Study: Time of Day Writing Clinical Notes May Impact Workload
When and how you write up your clinical notes may have a bigger impact on your long-term wellbeing at work than thought, accordingly to a recently released study.
A study published in the Journal of the American Medical Informatics Association tracked the progress note production styles of internal medicine residents at UC San Francisco during three two-week periods. The notes covered 279 inpatient encounters. The study found that residents who wrote notes throughout the day registered more clinical time. The study posits this is likely due to residents needing to start and stop their notations and needing to re-read information before making additional notes. This time spent reviewing previous entries meant more clinical time, especially in the evening.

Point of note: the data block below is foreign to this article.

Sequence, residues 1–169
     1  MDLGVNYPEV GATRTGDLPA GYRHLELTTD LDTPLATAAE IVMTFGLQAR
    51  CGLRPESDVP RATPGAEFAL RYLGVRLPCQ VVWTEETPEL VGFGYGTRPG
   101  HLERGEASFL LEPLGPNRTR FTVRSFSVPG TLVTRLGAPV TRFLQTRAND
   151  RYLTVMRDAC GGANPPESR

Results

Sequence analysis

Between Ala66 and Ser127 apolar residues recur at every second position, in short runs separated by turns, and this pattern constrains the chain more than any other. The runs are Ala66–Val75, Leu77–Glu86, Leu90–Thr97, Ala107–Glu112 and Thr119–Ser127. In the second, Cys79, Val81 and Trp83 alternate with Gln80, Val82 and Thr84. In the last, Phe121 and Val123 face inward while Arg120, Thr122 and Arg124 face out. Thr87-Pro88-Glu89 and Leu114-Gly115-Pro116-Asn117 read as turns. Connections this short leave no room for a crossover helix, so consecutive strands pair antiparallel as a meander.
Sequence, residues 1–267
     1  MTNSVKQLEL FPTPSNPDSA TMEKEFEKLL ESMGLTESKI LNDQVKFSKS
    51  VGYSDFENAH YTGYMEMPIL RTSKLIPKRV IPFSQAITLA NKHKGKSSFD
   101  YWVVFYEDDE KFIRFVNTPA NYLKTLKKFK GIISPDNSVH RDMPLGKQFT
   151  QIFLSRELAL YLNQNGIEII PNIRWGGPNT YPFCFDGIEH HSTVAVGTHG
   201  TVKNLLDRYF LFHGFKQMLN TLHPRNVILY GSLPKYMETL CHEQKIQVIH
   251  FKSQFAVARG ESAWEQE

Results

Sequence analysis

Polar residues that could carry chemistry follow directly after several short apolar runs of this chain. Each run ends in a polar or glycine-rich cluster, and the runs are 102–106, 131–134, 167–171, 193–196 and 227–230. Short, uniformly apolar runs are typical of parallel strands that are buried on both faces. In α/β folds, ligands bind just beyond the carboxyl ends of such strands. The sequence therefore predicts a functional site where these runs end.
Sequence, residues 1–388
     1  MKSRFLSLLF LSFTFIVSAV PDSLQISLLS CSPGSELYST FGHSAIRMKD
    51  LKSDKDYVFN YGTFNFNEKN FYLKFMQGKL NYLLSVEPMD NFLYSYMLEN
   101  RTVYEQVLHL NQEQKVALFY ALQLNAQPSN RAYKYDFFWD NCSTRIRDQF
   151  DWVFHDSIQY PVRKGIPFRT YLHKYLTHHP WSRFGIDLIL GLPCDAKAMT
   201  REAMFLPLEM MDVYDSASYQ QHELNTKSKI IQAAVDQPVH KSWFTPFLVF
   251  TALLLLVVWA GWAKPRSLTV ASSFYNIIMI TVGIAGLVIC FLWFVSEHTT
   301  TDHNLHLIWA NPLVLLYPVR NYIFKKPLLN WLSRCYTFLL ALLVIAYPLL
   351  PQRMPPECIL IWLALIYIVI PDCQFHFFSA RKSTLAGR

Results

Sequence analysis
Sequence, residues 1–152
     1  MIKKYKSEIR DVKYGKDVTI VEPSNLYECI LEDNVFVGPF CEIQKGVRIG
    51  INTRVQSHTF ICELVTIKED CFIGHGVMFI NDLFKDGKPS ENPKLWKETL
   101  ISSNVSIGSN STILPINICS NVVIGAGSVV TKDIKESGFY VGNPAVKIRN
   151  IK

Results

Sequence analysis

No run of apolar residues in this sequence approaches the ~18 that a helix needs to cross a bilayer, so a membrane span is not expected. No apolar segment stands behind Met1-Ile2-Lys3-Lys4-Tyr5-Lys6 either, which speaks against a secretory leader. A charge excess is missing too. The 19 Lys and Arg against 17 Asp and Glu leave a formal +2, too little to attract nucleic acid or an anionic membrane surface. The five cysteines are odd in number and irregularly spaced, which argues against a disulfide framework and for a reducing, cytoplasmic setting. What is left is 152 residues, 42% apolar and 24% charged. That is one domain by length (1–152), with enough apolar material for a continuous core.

For those residents who dedicated set time during the day for notetaking, the study found those who focused during the morning or afternoon spent less time "at work" than those who dedicated time in the evening to clinical notes. The authors suggest this is due to more recall needed during the evening, when residents would have to "jog their memory" on what they wrote and why. Instead, dedicating time during work hours allowed residents to write more contemporary notes and require less recall.
The authors also suggest this could impact best practices for EHR documentation. Rather than templates or set requirements for documenting information in an EHR, the authors suggest that how notes are done may have a bigger impact on medical errors and burnout.